According to the manufacturer’s instructions, a miRNeasy Mini Kit was used to extract miRNAs, a miScript II RT Kit was applied for reverse transcription and a miScript SYBR Green PCR Kit was applied for cDNA amplification. A qRT-PCR was carried out on an AB7300 thermo recycler (Applied Biosystems, Carlsbad, CA) with the TaqMan Universal PCR Master Mix. GAPDH served as the internal control for mRNA and circRNA. U6 served as the internal control for miRNA. Relative gene expression was calculated with the 2−ΔΔCt method. The primers are as follows:

circ-HIPK3: Forward: 5ʹ-CGTGGCGAAACAGATTGCAT-3ʹ

Reverse: 5ʹ-GCTGTCACAACTGTCACTGG-3ʹ

miR-338-3p: Forward: 5ʹ-ATCCAGTGCGTGTCGTGG-3ʹ

Reverse: 5ʹ- TGCTTCCAGCATCAGTGAT-3ʹ

HIF-1α: Forward: 5ʹ-GAACGTCGAAAAGAAAAGTCTCG −3ʹ

Reverse: 5ʹ- CCTTATCAAGATGCGAACTCACA −3ʹ

GAPDH: Forward: 5ʹ-TCCACCACCAACTCCTTACC-3ʹ

Reverse: 5ʹ-GCCATGGACTGTGGTCATGAG-3ʹ

U6: Forward: 5ʹ- TCCTTCGCCACCACATATAC-3ʹ

Reverse: 5ʹ- AGGGCCCATCCTAATCTTCT-3ʹ

Luciferase Assays

CC cells (5 ×104/well) were seeded in 24-well plates at 24hrs before transfection. Then, cells were co-transfected with circ-HIPK3 WT or mutated reporter and inh-miR-338-3p or si-NC using Lipofectamine 3000 according to the manufacturer’s instructions, luciferase activities were evaluated using the Dual-Luciferase Reporter Assay System 48 hrs later.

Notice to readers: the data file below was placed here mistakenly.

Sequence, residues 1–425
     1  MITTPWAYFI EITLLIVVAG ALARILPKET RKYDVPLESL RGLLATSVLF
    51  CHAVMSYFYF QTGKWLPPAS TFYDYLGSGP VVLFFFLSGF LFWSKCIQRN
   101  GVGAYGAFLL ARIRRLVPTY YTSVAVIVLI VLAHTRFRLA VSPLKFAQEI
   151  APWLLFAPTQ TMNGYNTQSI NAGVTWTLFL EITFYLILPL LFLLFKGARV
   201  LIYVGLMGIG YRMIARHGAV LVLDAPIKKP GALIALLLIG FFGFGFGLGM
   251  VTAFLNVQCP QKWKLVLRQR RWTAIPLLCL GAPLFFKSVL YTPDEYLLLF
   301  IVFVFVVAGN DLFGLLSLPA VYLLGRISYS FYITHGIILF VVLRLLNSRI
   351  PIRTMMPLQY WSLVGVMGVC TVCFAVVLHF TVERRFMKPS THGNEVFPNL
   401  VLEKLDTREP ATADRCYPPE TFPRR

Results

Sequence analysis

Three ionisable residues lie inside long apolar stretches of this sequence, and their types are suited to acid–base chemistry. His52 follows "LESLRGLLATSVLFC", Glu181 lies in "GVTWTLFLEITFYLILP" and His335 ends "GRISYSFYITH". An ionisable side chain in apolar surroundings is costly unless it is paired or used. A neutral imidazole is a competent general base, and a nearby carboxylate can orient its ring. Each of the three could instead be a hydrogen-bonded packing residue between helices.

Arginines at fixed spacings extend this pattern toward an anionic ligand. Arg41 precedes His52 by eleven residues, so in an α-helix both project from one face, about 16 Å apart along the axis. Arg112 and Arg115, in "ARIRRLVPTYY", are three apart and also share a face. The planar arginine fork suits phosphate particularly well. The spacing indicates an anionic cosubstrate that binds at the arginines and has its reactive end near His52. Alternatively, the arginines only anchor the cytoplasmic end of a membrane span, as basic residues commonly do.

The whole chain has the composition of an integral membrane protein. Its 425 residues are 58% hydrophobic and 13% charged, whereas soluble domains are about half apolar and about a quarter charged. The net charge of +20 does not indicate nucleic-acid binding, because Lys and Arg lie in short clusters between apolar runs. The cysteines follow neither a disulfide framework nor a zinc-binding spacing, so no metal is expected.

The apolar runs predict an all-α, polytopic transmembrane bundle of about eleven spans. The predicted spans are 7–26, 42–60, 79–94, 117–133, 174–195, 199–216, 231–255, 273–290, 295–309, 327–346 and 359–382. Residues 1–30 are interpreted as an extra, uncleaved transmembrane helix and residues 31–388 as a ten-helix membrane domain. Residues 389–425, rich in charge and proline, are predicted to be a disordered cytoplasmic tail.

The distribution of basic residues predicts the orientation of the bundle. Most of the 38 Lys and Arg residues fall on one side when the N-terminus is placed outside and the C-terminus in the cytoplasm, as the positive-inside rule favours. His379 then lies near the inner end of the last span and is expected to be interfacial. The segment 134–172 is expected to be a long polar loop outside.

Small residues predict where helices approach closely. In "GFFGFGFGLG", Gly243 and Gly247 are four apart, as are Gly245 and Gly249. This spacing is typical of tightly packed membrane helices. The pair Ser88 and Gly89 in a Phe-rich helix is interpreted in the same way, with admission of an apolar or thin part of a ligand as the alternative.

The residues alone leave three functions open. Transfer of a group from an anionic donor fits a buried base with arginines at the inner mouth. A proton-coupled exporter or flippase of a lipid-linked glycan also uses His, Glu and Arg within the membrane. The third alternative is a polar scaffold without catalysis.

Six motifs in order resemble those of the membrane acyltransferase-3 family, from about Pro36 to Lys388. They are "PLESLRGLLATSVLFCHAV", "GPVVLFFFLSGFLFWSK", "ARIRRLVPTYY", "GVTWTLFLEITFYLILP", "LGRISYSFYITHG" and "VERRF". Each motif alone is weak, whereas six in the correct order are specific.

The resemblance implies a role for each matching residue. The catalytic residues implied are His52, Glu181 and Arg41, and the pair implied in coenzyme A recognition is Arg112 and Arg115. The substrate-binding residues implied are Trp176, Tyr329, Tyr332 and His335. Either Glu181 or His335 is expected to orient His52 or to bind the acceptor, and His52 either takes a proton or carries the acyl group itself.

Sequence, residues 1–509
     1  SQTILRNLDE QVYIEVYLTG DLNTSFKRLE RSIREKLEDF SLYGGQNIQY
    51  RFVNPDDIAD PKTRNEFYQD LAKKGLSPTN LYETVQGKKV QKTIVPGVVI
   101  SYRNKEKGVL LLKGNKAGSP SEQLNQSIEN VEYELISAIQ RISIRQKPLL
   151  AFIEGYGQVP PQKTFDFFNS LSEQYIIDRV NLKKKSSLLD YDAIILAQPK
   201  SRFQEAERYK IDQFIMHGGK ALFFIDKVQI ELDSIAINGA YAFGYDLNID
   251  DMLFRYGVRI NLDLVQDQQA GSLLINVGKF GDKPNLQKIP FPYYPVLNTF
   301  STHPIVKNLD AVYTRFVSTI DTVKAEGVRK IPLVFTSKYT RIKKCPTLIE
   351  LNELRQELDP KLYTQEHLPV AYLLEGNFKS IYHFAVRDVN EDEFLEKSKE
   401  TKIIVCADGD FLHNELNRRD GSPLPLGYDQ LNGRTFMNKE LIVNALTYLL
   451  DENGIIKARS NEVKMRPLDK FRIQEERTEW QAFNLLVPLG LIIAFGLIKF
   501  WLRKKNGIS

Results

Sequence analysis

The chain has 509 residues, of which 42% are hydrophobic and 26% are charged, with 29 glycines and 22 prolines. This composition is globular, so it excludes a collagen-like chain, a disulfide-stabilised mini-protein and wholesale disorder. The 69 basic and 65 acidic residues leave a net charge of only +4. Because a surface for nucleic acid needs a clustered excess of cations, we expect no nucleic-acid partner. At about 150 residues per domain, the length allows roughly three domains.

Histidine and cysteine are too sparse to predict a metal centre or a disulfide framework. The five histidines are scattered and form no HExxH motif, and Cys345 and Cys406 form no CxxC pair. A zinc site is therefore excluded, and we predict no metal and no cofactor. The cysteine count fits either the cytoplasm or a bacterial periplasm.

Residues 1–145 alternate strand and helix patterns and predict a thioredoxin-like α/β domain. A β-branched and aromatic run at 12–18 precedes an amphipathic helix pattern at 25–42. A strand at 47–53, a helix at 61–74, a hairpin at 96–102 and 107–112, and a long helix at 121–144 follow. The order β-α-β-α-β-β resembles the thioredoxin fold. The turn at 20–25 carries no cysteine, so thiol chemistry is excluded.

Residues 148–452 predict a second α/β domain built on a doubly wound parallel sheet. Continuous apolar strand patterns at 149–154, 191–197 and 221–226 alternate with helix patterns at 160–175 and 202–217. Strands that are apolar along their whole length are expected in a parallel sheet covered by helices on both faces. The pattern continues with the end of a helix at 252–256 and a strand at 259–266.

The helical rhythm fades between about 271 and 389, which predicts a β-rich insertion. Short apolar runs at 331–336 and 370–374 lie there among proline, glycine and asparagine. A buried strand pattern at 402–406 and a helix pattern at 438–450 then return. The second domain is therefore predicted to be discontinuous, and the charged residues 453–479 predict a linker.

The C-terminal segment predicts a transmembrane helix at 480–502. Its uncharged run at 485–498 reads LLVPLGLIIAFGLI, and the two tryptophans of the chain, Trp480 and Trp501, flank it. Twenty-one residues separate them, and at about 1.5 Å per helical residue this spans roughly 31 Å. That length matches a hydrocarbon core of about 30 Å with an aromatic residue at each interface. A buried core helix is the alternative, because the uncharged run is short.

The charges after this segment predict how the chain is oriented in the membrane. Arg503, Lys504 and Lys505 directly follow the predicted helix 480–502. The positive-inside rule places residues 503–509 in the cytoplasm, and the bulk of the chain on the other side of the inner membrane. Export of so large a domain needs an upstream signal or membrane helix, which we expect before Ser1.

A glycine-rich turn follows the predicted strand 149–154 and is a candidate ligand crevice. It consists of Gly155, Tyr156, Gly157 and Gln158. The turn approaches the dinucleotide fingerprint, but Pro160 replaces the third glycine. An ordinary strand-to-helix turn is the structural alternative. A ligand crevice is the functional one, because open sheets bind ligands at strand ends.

Cell Proliferation Assay

Cell proliferation assay was carried out with the CCK-8 kit following the manufacturer’s instruction. In brief, CC cells were seeded into a 96-well plate (2000 cells/well) and incubated for the indicated times, then 10 μL of CCK-8 reagent was directly loaded into the culture medium and incubated for another 2 hrs in dark at 37°C. The optional density (OD) at a wavelength of 450 nm was evaluated with a 680 Microplate Reader (Bio-Rad, Hercules).